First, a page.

Jesse Rae West takes us on her journey of healing through her Borderline Personality Disorder. Read part 1, part 2, and part 3.

This week marks one month of being in weekly therapy as part of a Dialectal Behaviour Study program. So far I’ve been shocked at how quickly I’ve felt myself making progress. Obviously I am not suddenly a changed person, though I do feel like I’m waking up every day with new tools that are helping me find happiness more often. This is a very new feeling for me. Healing isn’t linear and I’m thoroughly enjoying this incline.

Every week I have three hours of therapy, two of which are a DBT skill-building group. My one-on-one therapist and I are still getting to know each other, but I feel very confident in her ability to help me. (It’s a huge privilege to get this help from someone who seems to understand a lot of what is going on in my brain. I feel very lucky.)

Last week I wrote about practicing mindfulness, to which I’ve become quite committed. I’m trying to get in the habit of making it my first step when I’m feeling emotionally distressed. It’s also fun to practice in moments of low stress (walking to work, having a shower, cuddling with a cutie) as you’re more present in that moment and can focus on every sensation. I think mindfulness eventually becomes a habit, which allows for longer stretches of happiness.

This week I’ve been learning about Crisis Survival and Distress Tolerance. It feels like I’m entering level two in video game. I’m starting to build on my mindfulness skills with other new skills that are allowing me to survive my most intense moments.

I was shown an equation this week that went something like this:

Pain + Non Acceptance = Suffering
Pain + Acceptance = Pain

If I can radically accept whatever pain I am feeling, I’m left with just pain, whereas if I try to reject what is happening or worry/obsess over trying to change a painful reality, then I’m left with not only pain but also a hefty dose of suffering. I’ll never be able to achieve zero pain; life has some very hard and sad moments. But by accepting pain as it is and rejecting the urge to catastrophize or act on impulse, I’m reducing the intensity and duration of the feelings.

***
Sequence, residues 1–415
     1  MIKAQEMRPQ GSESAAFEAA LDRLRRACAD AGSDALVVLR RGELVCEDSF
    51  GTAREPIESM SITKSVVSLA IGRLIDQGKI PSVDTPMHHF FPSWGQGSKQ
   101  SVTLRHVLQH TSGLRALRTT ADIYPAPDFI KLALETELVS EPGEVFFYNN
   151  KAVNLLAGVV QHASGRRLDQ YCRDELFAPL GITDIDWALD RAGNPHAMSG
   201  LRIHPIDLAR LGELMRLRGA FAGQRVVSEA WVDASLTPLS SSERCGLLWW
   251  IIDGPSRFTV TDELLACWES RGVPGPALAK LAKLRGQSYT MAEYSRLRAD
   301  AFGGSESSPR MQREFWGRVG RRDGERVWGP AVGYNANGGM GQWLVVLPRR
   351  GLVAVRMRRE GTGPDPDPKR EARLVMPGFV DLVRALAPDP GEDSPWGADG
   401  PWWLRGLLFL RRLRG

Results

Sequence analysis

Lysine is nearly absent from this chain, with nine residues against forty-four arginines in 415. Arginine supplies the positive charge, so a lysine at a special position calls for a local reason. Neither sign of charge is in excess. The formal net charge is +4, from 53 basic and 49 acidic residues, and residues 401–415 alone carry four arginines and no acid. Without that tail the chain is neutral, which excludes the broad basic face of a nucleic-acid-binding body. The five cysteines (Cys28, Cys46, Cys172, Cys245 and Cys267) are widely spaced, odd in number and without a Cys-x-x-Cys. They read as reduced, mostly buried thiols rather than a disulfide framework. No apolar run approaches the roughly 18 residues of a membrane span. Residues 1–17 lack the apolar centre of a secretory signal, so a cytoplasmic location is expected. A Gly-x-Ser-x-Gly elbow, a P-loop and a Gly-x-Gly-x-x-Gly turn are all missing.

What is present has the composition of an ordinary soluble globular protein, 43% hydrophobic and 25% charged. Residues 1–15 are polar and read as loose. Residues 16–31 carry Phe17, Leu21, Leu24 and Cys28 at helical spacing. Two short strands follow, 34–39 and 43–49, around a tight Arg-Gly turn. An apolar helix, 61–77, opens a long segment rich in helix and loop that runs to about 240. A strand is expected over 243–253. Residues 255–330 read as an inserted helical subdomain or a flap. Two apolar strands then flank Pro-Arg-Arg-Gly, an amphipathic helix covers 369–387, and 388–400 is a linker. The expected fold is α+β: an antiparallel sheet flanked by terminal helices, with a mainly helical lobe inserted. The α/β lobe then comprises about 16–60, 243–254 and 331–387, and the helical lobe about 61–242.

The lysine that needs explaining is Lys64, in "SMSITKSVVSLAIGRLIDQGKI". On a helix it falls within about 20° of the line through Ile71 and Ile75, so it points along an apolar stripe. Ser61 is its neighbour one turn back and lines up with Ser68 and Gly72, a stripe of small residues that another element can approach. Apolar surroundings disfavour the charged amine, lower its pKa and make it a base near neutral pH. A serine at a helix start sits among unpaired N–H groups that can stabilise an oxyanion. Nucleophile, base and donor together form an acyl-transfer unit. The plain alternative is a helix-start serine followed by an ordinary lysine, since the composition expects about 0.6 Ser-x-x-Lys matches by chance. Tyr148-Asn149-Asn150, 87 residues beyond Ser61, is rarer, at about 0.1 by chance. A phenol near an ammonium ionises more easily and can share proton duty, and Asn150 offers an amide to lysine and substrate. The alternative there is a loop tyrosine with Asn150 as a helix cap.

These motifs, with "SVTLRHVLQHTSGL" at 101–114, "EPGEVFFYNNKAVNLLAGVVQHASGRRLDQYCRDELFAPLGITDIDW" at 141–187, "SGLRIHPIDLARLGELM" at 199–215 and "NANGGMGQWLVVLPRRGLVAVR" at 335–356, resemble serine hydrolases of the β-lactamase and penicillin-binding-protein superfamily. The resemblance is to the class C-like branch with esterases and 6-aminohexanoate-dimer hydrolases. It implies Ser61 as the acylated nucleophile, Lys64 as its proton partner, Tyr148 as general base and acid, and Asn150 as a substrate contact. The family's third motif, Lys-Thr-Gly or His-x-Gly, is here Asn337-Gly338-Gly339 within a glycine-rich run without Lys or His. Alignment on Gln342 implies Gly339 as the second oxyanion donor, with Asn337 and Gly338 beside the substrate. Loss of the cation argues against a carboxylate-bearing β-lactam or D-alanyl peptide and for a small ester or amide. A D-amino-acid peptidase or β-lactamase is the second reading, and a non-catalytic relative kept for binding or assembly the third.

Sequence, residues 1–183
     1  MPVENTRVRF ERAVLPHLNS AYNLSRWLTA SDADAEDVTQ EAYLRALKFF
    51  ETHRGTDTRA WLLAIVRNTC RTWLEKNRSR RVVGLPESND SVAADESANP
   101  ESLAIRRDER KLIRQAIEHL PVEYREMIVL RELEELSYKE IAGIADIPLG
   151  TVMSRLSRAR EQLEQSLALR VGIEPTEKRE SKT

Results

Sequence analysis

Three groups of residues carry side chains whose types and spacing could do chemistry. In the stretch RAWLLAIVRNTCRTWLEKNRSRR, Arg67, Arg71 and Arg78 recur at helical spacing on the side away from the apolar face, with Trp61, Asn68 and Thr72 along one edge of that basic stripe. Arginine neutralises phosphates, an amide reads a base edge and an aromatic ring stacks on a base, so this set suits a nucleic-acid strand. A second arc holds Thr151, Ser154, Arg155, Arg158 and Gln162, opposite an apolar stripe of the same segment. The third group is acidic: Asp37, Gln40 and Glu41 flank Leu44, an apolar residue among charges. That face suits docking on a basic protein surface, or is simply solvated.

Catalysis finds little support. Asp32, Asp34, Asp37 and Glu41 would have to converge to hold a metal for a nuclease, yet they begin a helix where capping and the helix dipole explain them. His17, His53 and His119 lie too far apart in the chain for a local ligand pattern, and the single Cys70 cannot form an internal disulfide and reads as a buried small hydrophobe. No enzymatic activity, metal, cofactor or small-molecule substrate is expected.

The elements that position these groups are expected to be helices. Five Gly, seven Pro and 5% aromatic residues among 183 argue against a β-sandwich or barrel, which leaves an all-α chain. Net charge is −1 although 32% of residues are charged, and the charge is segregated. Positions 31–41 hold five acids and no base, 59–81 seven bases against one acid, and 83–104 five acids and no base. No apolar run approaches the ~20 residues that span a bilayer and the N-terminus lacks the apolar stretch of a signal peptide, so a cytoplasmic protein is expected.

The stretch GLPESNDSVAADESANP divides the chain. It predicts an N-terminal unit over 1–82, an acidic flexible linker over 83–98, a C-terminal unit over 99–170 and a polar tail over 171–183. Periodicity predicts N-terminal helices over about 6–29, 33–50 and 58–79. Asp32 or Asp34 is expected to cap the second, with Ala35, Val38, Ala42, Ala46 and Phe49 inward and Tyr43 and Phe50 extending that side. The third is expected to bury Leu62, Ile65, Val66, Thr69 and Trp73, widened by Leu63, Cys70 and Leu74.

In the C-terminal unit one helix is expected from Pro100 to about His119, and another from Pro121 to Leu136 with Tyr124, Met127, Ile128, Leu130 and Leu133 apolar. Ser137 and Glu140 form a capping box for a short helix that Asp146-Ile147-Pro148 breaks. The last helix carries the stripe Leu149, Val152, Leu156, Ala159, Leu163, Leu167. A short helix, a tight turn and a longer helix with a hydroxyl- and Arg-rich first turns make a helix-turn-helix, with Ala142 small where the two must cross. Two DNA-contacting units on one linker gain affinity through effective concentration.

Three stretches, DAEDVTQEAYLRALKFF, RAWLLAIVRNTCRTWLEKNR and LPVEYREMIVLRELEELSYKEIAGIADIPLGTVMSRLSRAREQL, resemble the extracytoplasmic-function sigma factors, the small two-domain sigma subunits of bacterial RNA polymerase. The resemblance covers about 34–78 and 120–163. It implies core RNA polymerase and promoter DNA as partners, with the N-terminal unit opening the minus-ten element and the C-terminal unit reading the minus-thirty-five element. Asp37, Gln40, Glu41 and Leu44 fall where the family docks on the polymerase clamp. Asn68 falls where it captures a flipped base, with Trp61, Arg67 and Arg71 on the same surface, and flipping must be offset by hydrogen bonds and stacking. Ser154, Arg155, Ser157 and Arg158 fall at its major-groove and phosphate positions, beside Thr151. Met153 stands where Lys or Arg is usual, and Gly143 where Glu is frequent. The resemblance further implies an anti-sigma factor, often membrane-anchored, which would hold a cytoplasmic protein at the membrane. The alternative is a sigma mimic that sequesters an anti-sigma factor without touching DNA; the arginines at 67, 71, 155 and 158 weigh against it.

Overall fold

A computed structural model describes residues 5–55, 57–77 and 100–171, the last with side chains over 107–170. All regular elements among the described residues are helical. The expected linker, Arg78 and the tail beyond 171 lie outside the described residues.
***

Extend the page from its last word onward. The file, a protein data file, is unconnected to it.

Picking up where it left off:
I’ve always wanted to reject the urge to catastrophize things but have never known how. When something awful would happen, I would react in very emotional ways. This would often happen when I felt I was about to be abandoned or wasn’t strong enough to handle something on my own. Now I’ve adopted this new process where I engage my reasonable mind and assess whether or not my reaction is productive or unproductive.

I’ll share with you a brief breakdown of this very helpful tool. Let’s say you found an old love letter from an ex that made you feel full of confusion and sadness. You have two (okay maybe more) options: you can take a picture of the love letter and text it to your ex with a snarky comment, OR you can ask yourself questions to assess whether this will bring your pain to the level of suffering or just keep it at plain ol’ pain where it can dissipate quicker.

Step one: write down the pros of acting on that impulse. (Temporary relief and a short-term feel good should probably be the only things on that list, though for other problems it may be longer.) Step two: write down the cons of acting on that impulse. You can probably add things like, “It will be damaging to my self-esteem,” and don’t forget the feelings of shame you’ll feel after. Step three: list the pros of resisting the urge to act on that impulse. I’d say the pros of not acting on impulse usually include improved self-esteem, feelings of being in control, building tolerance to pain and most importantly you won’t be creating more problems in your life.

Here’s to the next five months and all of the life changing skills that I am learning.